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Climate CoLab Winners’ Spotlight: Bill Ferree

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This spotlight is part of a series from MIT ClimateX about Climate CoLab 2018 contest Winners. Original post can also be found here: https://climatex.mit.edu/climate-colab-winners-spotlight-bill-ferree

Can we, and should we, refurbish older, gas powered vehicles to make them more energy efficient and lower their carbon footprint?

Aging commercial vehicles, including cars, vans, and delivery trucks, are a huge contributor to carbon emissions. Ideally, we would no longer use these aging commercial vehicles. Realistically though, we still need them, and we will likely continue to rely on their utility.

The question then becomes whether there is a way to include these vehicles as we continue to transition into a greener future transportation system. Many businesses and consumers continue to use, or choose to purchase used, gas-consuming trucks and cars as a cheaper alternative to expensive new vehicles, including electric drive models that still have some up-front, purchase premium.

Bill Ferree and his team, winners of the 2018 Climate CoLab Transportation contest, have proposed a battery electric drive “retrofit protocol” for commercial vehicles. This protocol will allow battery-electric drive trains to be installed into older vehicles, and also allow those vehicles to operate normally, yet more sustainably. Rather than replacing the entire vehicle, a new battery can be installed that doesn’t require fossil fuel usage.

This project entails a series of data gathering, analysis, and tests on a representative vehicle. For a “representative vehicle”, they are looking for candidates that are in wide use, have sufficient load carrying capacity– to accommodate some additional weight for the battery installation– and serve a mission that is compatible with the battery drive’s inherent range limitations. How easy or challenging it is to install the battery in a specific vehicle type is also important. Additionally, the ideal vehicle will have an expected lifespan that is long enough to make the decision to swap out the old fuel burning engine a pragmatic one for the owner. Ferree explains: “The proposal targets business (commercial) vehicle users. Vehicles with predictable and modest range requirements present especially good opportunities. Battery size for the drive motor energy can be relatively small, and charging can be easily scheduled during any down time during a normal 24-hour cycle.” After finding a suitable, representative vehicle, the team will draft an installation and operating manual for installing and using the new electric battery. The physical installation itself, Ferree anticipates, will be carried out by a group in an electrical engineering department at a college, or another facility with mechanical capacity.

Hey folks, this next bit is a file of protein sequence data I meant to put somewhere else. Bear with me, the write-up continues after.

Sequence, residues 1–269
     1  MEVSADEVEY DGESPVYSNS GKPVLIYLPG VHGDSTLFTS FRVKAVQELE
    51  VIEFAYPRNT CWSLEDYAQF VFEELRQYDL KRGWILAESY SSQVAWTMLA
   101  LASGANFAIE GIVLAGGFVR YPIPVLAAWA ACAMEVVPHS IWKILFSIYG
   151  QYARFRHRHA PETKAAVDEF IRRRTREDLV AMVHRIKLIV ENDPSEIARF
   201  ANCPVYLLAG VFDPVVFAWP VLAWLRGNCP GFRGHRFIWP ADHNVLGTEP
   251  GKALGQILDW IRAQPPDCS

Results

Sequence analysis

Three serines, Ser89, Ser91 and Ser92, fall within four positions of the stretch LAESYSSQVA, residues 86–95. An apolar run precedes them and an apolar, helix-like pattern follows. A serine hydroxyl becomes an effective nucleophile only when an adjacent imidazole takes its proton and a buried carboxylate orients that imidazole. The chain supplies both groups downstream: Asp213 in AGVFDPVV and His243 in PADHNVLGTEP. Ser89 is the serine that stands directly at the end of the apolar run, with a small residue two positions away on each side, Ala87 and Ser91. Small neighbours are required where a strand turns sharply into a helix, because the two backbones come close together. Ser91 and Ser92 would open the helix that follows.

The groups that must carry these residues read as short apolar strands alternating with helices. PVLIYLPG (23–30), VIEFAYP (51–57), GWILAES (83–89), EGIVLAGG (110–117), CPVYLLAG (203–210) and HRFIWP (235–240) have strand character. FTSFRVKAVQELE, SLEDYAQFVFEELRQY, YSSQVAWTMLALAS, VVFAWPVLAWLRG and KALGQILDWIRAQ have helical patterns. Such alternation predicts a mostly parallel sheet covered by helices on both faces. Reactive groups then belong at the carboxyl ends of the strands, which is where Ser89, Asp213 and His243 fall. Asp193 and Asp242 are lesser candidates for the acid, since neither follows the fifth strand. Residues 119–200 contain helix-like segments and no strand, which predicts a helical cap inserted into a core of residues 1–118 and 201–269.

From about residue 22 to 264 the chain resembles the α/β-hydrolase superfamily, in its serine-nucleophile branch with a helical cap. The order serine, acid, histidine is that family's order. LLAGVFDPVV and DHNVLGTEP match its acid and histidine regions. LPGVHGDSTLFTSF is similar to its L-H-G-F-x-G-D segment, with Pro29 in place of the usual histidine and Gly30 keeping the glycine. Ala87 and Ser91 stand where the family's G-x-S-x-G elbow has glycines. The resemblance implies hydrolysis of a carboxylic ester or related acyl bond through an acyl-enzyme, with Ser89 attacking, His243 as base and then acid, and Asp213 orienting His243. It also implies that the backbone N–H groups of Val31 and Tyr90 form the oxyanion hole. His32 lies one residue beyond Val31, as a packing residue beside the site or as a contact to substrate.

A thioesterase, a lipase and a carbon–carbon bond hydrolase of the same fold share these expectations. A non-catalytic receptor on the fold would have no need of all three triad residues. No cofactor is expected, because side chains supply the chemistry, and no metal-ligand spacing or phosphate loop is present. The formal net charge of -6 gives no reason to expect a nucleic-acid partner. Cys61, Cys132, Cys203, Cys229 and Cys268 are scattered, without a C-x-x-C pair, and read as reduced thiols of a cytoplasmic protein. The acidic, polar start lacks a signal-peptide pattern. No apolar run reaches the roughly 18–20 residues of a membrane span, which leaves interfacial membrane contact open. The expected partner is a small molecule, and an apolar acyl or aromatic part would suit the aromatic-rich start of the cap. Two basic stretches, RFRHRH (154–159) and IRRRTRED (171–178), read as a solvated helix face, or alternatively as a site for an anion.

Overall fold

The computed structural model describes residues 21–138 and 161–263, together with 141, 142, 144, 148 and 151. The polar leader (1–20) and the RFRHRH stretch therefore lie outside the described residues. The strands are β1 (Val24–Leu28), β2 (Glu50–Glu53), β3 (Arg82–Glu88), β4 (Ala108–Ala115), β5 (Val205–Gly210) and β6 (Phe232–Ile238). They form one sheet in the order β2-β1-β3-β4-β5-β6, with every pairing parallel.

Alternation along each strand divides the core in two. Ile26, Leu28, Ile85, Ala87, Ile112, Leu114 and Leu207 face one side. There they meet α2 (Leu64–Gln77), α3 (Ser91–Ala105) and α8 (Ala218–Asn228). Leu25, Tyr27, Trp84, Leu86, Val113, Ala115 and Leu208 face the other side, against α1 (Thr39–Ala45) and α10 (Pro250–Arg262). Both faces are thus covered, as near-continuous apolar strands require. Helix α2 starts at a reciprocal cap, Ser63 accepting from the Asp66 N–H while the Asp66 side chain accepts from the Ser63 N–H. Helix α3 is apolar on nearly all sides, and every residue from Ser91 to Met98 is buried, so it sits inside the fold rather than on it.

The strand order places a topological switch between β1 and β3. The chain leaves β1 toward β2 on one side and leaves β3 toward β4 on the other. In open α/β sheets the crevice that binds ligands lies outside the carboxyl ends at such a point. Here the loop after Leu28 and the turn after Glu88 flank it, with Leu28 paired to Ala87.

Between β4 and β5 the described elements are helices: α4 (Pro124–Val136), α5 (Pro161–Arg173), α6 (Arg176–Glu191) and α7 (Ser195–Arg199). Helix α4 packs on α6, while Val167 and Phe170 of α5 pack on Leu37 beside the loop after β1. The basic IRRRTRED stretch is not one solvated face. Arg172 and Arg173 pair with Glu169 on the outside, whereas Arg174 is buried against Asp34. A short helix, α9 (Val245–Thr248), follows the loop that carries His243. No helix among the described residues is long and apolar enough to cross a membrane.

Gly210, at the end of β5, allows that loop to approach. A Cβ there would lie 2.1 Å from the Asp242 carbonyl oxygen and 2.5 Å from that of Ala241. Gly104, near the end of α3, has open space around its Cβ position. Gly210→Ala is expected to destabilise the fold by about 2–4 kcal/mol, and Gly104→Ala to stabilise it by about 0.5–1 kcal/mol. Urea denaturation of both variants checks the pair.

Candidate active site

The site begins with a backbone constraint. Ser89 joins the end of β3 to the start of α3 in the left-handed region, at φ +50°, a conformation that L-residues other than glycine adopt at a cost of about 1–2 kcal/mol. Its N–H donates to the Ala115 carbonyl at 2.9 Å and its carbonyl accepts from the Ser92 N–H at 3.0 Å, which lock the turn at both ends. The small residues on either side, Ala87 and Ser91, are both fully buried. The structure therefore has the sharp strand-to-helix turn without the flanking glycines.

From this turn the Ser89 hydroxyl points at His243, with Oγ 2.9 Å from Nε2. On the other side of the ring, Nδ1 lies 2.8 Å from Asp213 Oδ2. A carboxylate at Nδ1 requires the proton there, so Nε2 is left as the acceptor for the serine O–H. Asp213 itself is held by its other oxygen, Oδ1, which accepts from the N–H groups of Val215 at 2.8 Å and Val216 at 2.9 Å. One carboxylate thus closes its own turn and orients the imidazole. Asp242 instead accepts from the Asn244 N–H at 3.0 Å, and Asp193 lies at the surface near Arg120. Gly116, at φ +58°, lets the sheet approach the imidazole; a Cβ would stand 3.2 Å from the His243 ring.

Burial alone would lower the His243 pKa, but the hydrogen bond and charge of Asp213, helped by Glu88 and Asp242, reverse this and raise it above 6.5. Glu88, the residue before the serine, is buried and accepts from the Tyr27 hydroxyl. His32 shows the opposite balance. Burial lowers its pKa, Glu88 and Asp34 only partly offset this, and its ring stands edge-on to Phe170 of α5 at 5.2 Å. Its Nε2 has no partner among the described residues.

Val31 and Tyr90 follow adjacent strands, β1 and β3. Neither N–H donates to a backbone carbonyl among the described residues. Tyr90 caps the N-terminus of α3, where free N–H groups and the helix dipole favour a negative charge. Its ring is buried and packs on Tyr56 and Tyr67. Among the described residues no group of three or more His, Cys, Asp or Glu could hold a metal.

Ferree and his team see the potential for partnerships with many institutions, including universities, technical colleges, private sector companies, or a city/governmental jurisdiction interested in CO2 reduction. These partner organizations can implement the battery transition process, and help document the process and results. He highlights the Climate CoLab win as giving this project inertia, stating: “The best benefit so far has been the recognition by the panel of judges that this is a viable idea, and if it can move beyond the idea stage it will have substantial benefits for society.”

Ferree anticipates some backlash against this protocol, including concerns about the cost of this vehicle transition. Ferree comments: “Consumers don’t do the numbers, calculate how much they spend for fuel, and compare it with how much less they would spend if powering with electricity. Driving on gasoline costs $1,500 a year for a typical compact car driver and double that if it’s a big SUV. Driving the same miles on electricity will cost about a third or a fourth as much.” Ferree adds that many consumers don’t make realistic assumptions about how much they travel, stating “people mistakenly think they need a tank that can take them 400 miles.” In short, electrically powered vehicles have the capacity to save both resources and money in the long run.

Given transportation’s exorbitant contribution to CO2 emissions, the urgency of transitioning to greener technology cannot be understated. Ferree points out that “a large chunk of the 13 million commercial vehicles on the roads in the United States are candidates for this technology. Swapping out their fossil fuel engines will produce a major reduction in CO2.” He’s excited by the Climate CoLab win, saying “The proposal is a continuation of my personal mission to do what I can to accelerate the transition away from fossil fuel.”